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Jan. 7, 2013 9:30 am

Procurely, cloud-based RFP interface, moves from beta to full release with broader focus [VIDEO]

Justin Smith, left, and Zach Moore, who work from Betamore in Federal Hill. This fall has been good to Procurely, the months-old startup founded by Justin Smith, who’s intent on “disrupting” the request-for-proposal process: the company raised an angel round of funding, hired its first employee and emerged from beta to its full release in early […]

Justin Smith, left, and Zach Moore, who work from Betamore in Federal Hill.

This fall has been good to Procurely, the months-old startup founded by Justin Smithwho’s intent on “disrupting” the request-for-proposal process: the company raised an angel round of funding, hired its first employee and emerged from beta to its full release in early December.

As Technically Baltimore reported in July, Procurely’s approach is to take content (mainly words) from different sources (for instance, a Microsoft Word document) and put it into a standardized repository that can be shared among office workers, thereby cutting down on the time it takes people to produce documents (like requests for proposal).

But with the transition to a full release came a new selling angle for Smith: of Procurely’s paying customers, he said, some are marketing departments or human resources companies who use the content library function of Procurely to reduce the time it takes staffers to put together press releases and offer letters, respectively.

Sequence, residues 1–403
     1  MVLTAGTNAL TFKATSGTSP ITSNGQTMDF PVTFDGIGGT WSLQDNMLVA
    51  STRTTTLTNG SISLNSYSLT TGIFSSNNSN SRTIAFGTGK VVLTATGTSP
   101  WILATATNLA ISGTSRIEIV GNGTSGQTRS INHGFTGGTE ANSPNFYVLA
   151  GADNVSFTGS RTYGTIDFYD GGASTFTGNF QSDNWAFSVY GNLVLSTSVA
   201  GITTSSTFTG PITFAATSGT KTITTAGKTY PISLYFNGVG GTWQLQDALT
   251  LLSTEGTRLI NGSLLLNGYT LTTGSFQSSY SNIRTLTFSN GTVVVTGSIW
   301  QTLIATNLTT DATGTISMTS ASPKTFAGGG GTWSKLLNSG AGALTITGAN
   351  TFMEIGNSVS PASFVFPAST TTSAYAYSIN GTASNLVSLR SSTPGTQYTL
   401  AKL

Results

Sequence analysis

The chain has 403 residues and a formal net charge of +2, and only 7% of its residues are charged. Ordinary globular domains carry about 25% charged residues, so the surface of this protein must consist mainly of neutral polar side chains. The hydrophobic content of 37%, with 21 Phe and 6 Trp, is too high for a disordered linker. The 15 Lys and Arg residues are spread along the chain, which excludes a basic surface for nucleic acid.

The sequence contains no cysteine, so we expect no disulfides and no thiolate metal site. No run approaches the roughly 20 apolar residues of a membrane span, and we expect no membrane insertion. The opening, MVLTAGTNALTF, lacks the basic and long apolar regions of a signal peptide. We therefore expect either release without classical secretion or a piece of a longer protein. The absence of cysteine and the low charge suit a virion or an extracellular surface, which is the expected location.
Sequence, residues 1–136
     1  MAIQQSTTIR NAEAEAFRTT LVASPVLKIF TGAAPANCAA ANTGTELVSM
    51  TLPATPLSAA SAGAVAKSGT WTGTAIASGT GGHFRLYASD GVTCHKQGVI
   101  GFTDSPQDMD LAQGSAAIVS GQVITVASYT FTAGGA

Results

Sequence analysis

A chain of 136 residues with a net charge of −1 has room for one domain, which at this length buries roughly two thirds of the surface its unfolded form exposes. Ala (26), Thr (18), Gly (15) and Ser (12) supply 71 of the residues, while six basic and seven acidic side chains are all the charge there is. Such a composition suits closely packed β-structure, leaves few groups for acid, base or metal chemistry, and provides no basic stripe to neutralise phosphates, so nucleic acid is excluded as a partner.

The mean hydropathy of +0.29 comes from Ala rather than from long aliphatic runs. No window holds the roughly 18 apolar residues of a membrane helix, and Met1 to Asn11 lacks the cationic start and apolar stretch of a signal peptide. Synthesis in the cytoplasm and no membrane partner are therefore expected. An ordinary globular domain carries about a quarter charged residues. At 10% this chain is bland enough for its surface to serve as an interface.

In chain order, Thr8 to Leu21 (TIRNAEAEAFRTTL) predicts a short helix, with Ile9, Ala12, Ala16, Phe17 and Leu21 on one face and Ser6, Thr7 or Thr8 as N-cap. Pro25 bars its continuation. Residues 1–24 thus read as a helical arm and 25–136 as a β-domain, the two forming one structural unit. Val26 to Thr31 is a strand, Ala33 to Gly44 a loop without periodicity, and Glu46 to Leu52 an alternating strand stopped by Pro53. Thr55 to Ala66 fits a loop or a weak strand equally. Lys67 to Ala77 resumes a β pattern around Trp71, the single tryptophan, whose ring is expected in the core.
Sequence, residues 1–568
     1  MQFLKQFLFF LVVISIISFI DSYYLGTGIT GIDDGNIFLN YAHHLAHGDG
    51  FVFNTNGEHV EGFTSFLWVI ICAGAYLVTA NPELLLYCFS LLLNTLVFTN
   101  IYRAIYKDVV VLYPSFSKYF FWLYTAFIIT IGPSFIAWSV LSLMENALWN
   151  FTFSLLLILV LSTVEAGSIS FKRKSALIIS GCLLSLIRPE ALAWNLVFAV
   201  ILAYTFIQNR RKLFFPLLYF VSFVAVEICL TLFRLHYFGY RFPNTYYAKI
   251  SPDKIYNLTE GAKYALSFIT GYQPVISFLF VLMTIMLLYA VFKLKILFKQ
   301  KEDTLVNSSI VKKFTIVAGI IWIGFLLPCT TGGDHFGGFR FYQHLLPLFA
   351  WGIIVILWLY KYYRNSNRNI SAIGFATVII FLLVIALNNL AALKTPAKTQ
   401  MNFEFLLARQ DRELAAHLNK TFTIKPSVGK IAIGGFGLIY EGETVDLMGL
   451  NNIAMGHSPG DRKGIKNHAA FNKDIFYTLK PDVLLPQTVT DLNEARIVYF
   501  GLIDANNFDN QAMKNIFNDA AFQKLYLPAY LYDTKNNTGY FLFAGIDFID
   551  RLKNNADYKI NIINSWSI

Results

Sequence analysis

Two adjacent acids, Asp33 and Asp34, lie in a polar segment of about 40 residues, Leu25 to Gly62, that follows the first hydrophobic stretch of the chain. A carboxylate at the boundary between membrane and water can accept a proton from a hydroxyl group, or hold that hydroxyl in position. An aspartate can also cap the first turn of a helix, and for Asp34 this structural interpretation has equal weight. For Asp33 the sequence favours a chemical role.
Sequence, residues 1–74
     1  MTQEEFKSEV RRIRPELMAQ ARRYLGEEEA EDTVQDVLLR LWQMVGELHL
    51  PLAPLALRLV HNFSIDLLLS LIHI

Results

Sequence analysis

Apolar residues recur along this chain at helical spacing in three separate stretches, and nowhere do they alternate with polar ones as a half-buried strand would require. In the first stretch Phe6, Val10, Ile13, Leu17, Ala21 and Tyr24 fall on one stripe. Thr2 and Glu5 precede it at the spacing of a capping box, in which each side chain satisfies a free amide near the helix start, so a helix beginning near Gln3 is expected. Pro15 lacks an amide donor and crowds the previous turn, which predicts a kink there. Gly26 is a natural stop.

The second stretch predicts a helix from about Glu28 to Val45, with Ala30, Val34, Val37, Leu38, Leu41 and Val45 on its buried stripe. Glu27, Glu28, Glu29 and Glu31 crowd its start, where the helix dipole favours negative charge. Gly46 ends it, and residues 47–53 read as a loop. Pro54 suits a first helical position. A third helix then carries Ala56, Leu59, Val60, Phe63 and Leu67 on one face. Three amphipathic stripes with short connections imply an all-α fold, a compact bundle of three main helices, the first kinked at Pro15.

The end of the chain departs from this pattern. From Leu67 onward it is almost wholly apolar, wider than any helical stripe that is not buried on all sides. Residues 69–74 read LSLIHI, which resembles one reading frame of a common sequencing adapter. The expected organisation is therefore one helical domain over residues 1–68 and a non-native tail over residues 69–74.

“Customers are finding creative ways to use [Procurely] outside of just RFPs … but it doesn’t change the core of the technology,” Smith said.

Procurely has three pricing tiers: a “starter package” for $99 a month, a package for mid-size businesses that goes for $299 a month and a package for large, enterprise companies, which is priced according to a contract rate. Smith said that while he isn’t releasing Procurely’s customer numbers just yet — he did say that many beta customers signed up for the full release — most of his customers have purchased the middle package, and those customers each bring in roughly $3,000 a year in revenue.

Smith’s company is still backed by venture funding, which has allowed him to make a first hire.

Watch Justin Smith present at September’s Baltimore TechBreakfast:

Now working with Smith is Zach Moore of Pasadena, Md., who graduated from UMBC in 2006 with a degree in computer science. Moore, whom Smith has known since college, heads up the development of the Procurely software, and Smith said both he and Moore are taking the next several weeks to design a “more generalized product.”

What does that mean? Simply making sure customers are aware that they can use Procurely outside of putting together requests for proposal.

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Andrew Zaleski

Andrew Zaleski is a freelance journalist in Philadelphia and the former lead reporter for Technical.ly Baltimore. Before moving to Philadelphia in June 2014, he was a contributing writer to Baltimore City Paper and a Tech Check commentator for WYPR 88.1 FM, Baltimore city’s National Public Radio affiliate. He has written for The Atlantic, Outside, Richmond magazine, Washington City Paper, Baltimore magazine, Baltimore Style magazine, Next City, Grist.org, The Atlantic Cities, and elsewhere.

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